Monday, March 27, 2017

Loyalty and Longevity Pt. 9: Jim Rice

In this series, I look at players who played their entire Major League career with the Red Sox, as long as said Major League career lasted at least ten years.
I feel like I just wrote about Jim Rice recently.  It has actually been a little while longer than I thought but I do not have a ton of new information about him in this post.  This post is mostly about the fact that Rice spent his entire playing career with the Red Sox.  He has also done a lot of work with the team in the years since his playing career.
Rice was the 15th overall pick in the 1971 draft.  He was the first true superstar selected by the Red Sox in the first round of the draft, which had only been around since 1965 (though Ken Brett and Billy Conigliaro had their moments).  He skyrocketed through their system and was able to make his Major League debut in the 1974 season.  He did not show a whole lot in his 24 game stint, but did manage to hit his first home run.
The Red Sox in 1975 were a revelation and a big part of their success was their "Gold Dust Twins" in the outfield, the rookie duo of Rice and Fred Lynn.  Lynn was the better all-around player and ended up winning both the Rookie of the Year and the MVP award.  Rice was the runner-up for the Rookie of the Year and third in the MVP vote.  He ended up hitting .309/.350/.491 with 22 home runs and 10 RBIs.  Unfortunately, a broken arm late in the season shelved him for the playoffs.  Boston might have won the World Series if Rice had been healthy.  His numbers declined a bit in 1976, likely due to lingering injury issues.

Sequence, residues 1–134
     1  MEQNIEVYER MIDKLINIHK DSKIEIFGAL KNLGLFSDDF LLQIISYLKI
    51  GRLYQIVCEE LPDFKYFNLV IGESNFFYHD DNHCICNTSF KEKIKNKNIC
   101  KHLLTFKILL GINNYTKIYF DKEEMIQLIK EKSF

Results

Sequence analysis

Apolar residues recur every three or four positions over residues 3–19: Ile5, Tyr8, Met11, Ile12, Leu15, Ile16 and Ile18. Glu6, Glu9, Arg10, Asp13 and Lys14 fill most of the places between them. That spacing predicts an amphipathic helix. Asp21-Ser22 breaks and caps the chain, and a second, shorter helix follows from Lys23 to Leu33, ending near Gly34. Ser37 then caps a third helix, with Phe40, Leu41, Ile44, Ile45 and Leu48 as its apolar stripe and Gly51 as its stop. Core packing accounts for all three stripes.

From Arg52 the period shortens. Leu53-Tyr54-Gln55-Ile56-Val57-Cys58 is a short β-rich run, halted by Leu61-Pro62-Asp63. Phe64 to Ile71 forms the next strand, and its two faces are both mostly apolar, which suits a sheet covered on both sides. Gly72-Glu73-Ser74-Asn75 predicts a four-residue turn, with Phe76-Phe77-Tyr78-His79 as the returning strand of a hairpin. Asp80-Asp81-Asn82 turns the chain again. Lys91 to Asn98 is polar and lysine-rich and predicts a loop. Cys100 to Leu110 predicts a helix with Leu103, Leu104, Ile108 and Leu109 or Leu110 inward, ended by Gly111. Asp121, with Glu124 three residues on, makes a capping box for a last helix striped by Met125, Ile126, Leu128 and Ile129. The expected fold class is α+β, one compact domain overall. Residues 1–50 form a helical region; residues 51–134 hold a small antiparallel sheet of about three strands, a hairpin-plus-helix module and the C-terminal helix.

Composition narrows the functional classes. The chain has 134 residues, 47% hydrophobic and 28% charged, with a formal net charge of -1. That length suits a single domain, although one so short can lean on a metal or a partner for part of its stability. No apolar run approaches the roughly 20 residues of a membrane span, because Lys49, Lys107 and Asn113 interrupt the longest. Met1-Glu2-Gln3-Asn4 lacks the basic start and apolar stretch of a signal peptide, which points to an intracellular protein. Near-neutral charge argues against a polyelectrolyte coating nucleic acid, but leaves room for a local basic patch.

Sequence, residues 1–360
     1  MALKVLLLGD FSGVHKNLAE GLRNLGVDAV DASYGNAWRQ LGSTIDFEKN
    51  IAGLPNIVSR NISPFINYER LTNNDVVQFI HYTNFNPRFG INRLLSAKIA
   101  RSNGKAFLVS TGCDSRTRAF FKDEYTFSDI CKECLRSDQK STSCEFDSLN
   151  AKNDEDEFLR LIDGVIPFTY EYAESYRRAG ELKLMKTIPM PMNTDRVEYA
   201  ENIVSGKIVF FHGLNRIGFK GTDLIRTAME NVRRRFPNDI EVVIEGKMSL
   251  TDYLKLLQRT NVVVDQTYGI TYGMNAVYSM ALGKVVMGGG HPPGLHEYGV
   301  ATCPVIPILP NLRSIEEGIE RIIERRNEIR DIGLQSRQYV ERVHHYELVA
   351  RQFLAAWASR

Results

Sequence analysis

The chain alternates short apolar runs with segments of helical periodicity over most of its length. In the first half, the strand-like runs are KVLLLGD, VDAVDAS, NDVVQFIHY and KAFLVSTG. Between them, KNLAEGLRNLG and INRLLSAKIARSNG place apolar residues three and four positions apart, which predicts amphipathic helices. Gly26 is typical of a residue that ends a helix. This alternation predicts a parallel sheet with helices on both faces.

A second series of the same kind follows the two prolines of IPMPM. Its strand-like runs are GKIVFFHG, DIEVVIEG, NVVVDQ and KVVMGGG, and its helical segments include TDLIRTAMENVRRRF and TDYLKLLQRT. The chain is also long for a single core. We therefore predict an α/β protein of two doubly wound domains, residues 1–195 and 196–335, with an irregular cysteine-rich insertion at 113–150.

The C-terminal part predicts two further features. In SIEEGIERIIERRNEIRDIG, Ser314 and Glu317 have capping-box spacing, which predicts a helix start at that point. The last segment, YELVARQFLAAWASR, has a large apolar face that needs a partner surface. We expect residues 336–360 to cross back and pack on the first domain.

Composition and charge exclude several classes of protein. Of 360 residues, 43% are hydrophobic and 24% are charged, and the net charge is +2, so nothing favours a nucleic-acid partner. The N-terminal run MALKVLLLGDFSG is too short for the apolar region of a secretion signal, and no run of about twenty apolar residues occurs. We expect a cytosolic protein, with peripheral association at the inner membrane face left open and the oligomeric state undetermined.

From 1977 through 1979, Rice was undoubtedly the most dangerous power hitter in the game.  He led the league in home runs (39) and slugging (.593) in 1977 while hitting .320.  In 1978 he won the MVP by leading the league in hits (213), triples (15), home runs (46), RBIs (139), slugging (.600), and total bases (406) while hitting .315 and helped lead Boston to a one-game playoff for the postseason.  He had numbers similar to his 1977 season in 1979.  It was a truly impressive three-year run.
His numbers declined for a few years after that, but he remained a very productive offensive force.  He would still have the occasional terrific season, such as 1983 when he led the league in home runs (39), RBIs (122), and total bases (344).  He was an All Star from 1983 through 1986.  But after his 1986 season, his numbers declined significantly and he retired at the age of just 36 in 1989.  Rice was named Red Sox captain in 1985 until his retirement.
After his playing career ended, Rice remained in Boston, serving a couple of seasons as a hitting coach, and also working as an analyst for the New England Sports Network.  Rice was elected to the Hall of Fame in 2009.  His number 14 was retired by the Red Sox that same year.

No comments:

Post a Comment